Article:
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  • Writer's pictureBecca Norman

Small Circumference Knitting

Right Round Baby

Knitting in the round on circular needles is pretty easy, but it doesn't work for small circumference knitting; for that, you have two options: magic loop, and double-pointed needles. I favor double-pointed needles, and for very small circumference knitting, it's really the only option.

I’m casting on for a toy football pattern, which you can get for free via the form below.

Begin Simply

It starts out with only 8 stitches and they’re worked in the round! Cast them on all at once to one double-pointed needle. (Henceforth referred to as a DPN.)

Divide and Conquer

*Jazz hands optional

To start dividing onto DPNs, all you'll do is transfer an equal (or close to it) number of stitches onto 3 or 4 needles. In this case, 4. Make sure you have one extra to knit with. As you get the stitches on each one, let it fall, and kind of rotate them clockwise so that they go into an array. Slide the stitches to the middle of each one so you don't have to worry about them falling off. If you’re careful, all of the stitches will be facing outward.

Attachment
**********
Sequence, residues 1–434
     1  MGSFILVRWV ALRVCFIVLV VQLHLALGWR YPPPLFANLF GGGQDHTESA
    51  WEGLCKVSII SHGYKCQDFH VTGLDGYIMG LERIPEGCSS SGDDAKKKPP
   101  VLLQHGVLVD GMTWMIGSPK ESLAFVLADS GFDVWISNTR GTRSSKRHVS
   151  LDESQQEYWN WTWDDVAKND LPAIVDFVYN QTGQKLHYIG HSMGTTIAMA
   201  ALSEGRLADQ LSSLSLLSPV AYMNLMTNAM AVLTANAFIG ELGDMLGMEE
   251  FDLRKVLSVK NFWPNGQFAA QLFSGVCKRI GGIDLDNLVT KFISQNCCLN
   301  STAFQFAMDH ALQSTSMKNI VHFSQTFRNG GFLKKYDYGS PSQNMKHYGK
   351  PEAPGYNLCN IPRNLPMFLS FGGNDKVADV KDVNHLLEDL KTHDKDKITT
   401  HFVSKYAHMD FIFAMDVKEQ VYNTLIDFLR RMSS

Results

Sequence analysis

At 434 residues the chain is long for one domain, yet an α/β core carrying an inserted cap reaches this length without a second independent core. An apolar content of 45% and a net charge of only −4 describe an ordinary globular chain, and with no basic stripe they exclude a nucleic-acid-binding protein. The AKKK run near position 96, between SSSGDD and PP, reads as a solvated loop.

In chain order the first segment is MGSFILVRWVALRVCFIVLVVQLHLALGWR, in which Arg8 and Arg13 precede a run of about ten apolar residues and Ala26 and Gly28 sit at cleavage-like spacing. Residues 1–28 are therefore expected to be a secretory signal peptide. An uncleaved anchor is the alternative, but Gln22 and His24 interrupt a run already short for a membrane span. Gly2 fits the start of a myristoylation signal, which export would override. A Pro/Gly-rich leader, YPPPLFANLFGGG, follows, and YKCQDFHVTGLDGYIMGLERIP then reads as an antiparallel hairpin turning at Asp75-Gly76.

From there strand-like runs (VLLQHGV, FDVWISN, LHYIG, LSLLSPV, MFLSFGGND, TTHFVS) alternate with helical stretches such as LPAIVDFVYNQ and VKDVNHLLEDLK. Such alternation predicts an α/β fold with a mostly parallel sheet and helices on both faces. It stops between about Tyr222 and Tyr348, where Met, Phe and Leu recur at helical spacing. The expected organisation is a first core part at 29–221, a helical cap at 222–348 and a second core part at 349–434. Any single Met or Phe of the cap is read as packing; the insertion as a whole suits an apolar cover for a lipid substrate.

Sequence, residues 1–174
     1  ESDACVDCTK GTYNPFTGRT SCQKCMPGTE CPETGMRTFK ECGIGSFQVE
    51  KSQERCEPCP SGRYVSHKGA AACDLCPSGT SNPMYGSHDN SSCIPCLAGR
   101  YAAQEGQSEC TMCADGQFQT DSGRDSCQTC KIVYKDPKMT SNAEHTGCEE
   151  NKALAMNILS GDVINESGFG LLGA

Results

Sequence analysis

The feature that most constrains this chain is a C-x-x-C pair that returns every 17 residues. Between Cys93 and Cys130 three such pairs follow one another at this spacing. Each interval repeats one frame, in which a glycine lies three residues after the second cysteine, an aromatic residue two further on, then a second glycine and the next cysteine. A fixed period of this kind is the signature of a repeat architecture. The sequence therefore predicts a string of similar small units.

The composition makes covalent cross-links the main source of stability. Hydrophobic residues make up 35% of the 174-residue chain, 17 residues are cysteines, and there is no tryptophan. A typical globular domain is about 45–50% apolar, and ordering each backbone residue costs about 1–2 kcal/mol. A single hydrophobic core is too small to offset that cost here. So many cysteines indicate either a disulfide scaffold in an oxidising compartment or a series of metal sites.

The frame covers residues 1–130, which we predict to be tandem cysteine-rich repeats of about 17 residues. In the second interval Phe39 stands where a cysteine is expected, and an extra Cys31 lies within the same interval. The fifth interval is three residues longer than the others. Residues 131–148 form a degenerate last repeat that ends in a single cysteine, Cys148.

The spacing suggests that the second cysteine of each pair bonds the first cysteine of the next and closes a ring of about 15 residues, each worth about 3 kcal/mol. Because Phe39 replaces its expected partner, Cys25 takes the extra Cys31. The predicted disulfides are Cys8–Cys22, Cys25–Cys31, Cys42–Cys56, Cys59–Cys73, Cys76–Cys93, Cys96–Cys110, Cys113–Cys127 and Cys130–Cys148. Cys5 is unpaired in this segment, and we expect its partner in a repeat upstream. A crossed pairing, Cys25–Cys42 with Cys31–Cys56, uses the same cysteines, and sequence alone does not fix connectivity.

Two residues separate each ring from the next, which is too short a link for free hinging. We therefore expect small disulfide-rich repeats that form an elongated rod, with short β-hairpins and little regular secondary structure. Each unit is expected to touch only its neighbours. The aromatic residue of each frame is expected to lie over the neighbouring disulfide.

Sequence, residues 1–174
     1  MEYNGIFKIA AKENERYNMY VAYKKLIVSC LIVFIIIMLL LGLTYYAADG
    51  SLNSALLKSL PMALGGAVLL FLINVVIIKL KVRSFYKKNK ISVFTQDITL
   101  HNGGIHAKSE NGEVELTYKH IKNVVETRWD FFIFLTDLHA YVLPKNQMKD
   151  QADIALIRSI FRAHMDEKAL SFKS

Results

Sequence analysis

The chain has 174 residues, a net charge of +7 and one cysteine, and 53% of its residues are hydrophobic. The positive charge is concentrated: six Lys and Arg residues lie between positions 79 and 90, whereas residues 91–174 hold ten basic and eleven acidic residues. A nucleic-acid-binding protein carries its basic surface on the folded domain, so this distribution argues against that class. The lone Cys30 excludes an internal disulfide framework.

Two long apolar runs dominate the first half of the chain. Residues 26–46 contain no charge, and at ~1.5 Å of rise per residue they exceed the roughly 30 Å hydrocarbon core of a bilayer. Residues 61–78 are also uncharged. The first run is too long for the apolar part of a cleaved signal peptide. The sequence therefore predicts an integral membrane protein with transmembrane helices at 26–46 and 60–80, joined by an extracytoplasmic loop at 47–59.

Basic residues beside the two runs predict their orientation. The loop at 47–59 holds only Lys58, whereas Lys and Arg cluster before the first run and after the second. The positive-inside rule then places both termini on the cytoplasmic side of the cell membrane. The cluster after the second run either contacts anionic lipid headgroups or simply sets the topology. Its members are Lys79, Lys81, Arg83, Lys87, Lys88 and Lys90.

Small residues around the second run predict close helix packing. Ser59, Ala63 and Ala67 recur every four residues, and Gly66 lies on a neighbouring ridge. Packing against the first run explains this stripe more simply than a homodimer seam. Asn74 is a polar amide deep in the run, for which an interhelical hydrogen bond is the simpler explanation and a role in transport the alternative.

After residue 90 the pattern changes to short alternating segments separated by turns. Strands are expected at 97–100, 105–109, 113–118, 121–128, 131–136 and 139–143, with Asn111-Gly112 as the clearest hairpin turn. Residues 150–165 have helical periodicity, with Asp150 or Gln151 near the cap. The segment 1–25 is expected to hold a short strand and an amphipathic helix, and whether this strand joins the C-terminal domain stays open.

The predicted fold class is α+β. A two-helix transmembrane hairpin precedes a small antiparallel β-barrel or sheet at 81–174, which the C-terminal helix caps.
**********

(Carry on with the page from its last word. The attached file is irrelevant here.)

If you weren’t careful, or perhaps someone jumped on you when you were trying to be careful, you can still sort it out without having to undo everything.

Take a deep breath and find the bottom of each stitch. If you look closely, you can see a purl bump for each one. Just get them all in order again, turn them so they’re all aimed down, and you’re set!

Now We Knit

The first stitch you’ll knit into is the first one you cast on. This will join everything into a circle. For that first stitch, you want to give it a tug afterwards to tighten up any gap that's going to form where the join is.

You don't have to worry about them getting twisted anymore!

After knitting all the stitches on one needle, grab the empty needle with your right hand and move on to the next one.

It’s usually a good idea to keep track of where the end of the round is, but if you try to use a stitch marker, it will fall right off the end of the needle. I tend to live dangerously and not mark it at all… but the tail of the yarn is always coming out from the last stitch of the round, so that acts as a marker of sorts also.

The first round is complete!

And that’s all there is to it! Don’t forget to snag that football pattern and try out what you learned today.


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